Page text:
267. Phase I Gene Therapy Preliminary... (PDF Download Available)

March 10, 2018 | Author: Anonymous | Category: Documents
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Dec 18, 2017 - The RESCUE (NCT02652767) and REVERSE (NCT02652780) Phase III studies of GS010 have been initiated in the ...


Gene Therapy for Neurosensory Diseases PNAS, 2013; 110: 1732-7). With a goal to develop this approach for treatment of RP, we used adeno-associated virus (AAV)-delivered CRISPR/Cas9 for Nrl-knockdown in rod photoreceptors. AAV vectors were constructed to carry a photoreceptor-specific Cas9 nuclease expression cassette or a single-guided RNA (sgRNA) targeting Nrl or eGFP gene. The Cas9 and the sgRNA vectors were co-delivered into mice by subretinal administration. Potency of the AAV-CRISPR/Cas9 system was validated by EGFP knockdown in a mouse line with eGFP-labeled rods. Nrl knockdown was conducted in wild-type C57/Bl6 or Crxp-Nrl, a mouse line with rod-only photoreceptors. Molecular, histological and functional alterations were examined by next generation sequencing, immunoblot analysis, immunofluorescence, electron microscopy, and electroretinography (ERG). Our results showed that eGFP and Nrl were efficiently knocked down following AAV-CRISPR/Cas9 treatment. For Nrl knockdown, almost all insertions and deletions were detected in the targeted Nrl locus, and very few mutations were identified in ten potential off-target loci. A majority of the transduced rods acquired characteristics of cone photoreceptors following Nrl-CRISPR/Cas9 vector treatment, as demonstrated by reduced expression of rodspecific genes and enhanced expression of cone-specific genes, loss of the unique rod chromatin pattern, and diminished rod ERG response. Rescue of retinal degeneration was assessed in three mouse models harboring either recessive or dominant rod-specific mutations. In all three models, the Nrl-CRISPR/Cas9 vector treated eyes maintained significantly better photoreceptor viability and cone function than control eyes, as revealed by remarkably thicker photoreceptor layer, higher cone cell number, greater cone ERG amplitude and better optomotor behavior. In conclusion, AAV-CRISPR-mediated Nrl gene knockdown can efficiently reprogram rods into conelike photoreceptors and prevent secondary cone death in retinal degeneration, which could be developed into a viable treatment for RP in humans.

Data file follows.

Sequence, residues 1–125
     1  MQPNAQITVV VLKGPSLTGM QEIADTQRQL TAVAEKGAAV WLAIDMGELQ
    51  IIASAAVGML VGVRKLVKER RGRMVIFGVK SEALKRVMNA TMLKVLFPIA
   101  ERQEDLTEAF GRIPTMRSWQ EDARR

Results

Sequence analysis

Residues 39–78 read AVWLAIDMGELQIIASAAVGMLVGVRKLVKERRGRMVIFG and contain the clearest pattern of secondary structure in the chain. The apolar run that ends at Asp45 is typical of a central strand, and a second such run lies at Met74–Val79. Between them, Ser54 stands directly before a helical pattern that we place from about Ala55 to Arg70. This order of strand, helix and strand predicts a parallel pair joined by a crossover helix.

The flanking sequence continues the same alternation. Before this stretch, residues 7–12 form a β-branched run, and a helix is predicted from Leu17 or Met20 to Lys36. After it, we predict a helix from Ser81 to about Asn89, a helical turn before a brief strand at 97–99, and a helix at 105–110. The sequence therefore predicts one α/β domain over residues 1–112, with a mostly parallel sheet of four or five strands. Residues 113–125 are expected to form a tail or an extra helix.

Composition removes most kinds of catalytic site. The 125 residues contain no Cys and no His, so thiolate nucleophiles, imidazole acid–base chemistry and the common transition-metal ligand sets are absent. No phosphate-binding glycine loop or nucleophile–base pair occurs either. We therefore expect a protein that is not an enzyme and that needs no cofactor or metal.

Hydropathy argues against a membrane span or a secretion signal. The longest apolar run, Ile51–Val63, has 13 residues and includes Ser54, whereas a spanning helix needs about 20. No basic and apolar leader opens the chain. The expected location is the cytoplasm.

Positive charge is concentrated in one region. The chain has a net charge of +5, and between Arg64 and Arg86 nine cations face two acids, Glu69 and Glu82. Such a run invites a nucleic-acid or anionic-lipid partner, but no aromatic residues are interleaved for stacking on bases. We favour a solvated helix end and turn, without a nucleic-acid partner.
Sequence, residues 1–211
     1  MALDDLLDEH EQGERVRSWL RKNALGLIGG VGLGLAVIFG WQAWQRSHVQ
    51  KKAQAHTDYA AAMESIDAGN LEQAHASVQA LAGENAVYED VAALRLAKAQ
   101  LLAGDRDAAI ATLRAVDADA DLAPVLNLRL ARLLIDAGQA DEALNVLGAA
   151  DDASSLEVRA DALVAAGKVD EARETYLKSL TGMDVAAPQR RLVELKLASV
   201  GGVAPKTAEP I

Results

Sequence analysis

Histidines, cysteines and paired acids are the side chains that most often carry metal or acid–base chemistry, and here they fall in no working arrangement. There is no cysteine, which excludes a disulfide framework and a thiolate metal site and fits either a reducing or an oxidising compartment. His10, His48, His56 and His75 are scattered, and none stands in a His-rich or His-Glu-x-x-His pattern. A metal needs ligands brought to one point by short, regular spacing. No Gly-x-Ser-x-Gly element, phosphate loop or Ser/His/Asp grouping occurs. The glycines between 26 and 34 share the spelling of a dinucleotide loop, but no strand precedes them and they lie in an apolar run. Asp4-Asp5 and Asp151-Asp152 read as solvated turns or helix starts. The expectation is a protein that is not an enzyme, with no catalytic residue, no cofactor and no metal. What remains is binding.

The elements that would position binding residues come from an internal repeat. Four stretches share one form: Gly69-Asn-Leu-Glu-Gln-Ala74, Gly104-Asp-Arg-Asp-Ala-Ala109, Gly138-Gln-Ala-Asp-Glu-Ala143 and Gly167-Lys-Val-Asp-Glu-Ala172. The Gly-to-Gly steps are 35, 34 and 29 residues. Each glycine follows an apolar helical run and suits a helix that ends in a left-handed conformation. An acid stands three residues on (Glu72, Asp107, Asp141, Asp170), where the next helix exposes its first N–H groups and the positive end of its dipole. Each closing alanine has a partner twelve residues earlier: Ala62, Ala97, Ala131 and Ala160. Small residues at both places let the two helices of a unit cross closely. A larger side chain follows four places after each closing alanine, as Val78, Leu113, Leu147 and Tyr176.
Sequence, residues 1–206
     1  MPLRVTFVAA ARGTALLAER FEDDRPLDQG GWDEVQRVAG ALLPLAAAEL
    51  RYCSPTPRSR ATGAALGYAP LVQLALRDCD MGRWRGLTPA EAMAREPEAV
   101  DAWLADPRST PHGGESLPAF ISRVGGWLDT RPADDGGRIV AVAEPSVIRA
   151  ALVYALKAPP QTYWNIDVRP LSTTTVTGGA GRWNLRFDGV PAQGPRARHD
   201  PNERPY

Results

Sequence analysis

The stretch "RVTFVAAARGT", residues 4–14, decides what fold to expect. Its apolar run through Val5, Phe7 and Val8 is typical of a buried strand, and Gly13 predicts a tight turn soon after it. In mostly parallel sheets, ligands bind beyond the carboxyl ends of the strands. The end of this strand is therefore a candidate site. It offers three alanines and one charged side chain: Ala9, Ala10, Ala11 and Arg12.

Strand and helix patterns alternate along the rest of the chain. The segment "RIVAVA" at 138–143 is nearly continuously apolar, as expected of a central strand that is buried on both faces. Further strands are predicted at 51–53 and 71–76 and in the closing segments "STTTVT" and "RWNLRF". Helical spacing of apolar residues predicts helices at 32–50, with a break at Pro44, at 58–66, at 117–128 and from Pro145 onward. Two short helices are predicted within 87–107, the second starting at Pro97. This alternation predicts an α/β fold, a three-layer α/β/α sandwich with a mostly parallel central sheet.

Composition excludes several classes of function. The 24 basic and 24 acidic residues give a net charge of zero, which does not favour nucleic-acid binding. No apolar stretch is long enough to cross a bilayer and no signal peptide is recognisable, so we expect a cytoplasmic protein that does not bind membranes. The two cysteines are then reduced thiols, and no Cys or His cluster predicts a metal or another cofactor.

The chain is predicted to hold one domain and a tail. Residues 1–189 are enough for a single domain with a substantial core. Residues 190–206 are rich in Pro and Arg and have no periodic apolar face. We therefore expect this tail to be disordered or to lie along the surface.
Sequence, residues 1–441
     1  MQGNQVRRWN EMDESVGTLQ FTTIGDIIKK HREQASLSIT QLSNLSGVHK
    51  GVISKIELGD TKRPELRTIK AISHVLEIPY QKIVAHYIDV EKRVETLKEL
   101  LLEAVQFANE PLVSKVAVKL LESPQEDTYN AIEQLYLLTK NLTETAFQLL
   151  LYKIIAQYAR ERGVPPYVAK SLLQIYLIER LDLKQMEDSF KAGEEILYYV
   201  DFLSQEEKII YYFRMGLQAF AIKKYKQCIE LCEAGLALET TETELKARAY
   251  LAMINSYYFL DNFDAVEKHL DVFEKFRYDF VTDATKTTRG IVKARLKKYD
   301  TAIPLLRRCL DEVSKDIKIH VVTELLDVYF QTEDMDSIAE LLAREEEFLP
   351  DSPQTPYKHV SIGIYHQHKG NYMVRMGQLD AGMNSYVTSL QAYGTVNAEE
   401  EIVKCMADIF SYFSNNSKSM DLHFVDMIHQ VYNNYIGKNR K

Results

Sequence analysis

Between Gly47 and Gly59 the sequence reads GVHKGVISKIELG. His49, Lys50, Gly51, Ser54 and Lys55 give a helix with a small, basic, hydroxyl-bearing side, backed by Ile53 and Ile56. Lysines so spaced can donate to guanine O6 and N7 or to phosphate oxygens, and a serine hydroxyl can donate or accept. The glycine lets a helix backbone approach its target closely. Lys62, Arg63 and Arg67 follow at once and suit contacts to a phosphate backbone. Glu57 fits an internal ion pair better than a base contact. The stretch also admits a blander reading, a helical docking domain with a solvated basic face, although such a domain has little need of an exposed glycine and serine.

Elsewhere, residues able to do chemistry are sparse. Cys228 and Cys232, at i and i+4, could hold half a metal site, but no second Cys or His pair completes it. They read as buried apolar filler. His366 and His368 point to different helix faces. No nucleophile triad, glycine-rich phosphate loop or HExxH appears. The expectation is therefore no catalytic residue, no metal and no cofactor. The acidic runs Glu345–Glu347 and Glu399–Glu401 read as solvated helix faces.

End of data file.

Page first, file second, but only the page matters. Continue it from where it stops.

267. Phase I Gene Therapy Preliminary Clinical Results for Treatment of ND4 Leber Hereditary Optic Neuropathy with rAAV2-2-ND4

Scott Uretsky1, Catherine Vignal2, Samuel Bidot2, Serge Fitoussi1, Anne Galy1, Sandrine Meunier1, Roxane Noel1, Céline Bouquet1, Nitza Thomasson1, Jean-Philippe Combal1, José A. Sahel2 1 Gensight-Biologics, Paris, France, 2Centre Hospitalier National d’Ophtalmologie des Quinze-Vingts, Paris, France Introduction Leber Hereditary Optic Neuropathy (LHON) is a rare mitochondrial genetic disorder predominantly affecting young males. Affected patients experience bilateral severe central vision loss. Currently no therapy is approved in the United States to prevent, halt or reverse vision loss due to LHON. Preliminary safety and pharmacodynamic results of a first-in-man trial of GS010, a gene therapy candidate for patients with LHON carrying the ND4 mutation will be presented. Methods GS010 is a recombinant adenoassociated viral vector, serotype 2, carrying the wild-type ND4 gene (rAAV2/2-ND4) and is an experimental gene therapy for the treatment of LHON due to the G11778A ND4 mitochondrial mutation. GS010 has received orphan drug designation in EU & USA. GS010 contains a Mitochondrial Targeting Sequence (MTS) that allows localization of the wild-type protein to the mitochondrion, enabling restoration of mitochondrial function. An open-label Phase I/IIa safety study (NCT02064569) included patients with vision loss due to ND4 LHON and has completed recruitment. Four dose escalation cohorts and an extension cohort were comprised of 3 patients each. Patients received a single intra-vitreal injection of rAAV2/2-ND4 in their worse seeing eye. Primary outcome was the occurrence of adverse events (AE). Secondary outcomes included immune response to AAV2 and evaluation of visual function. Results Systemic safety was excellent as S106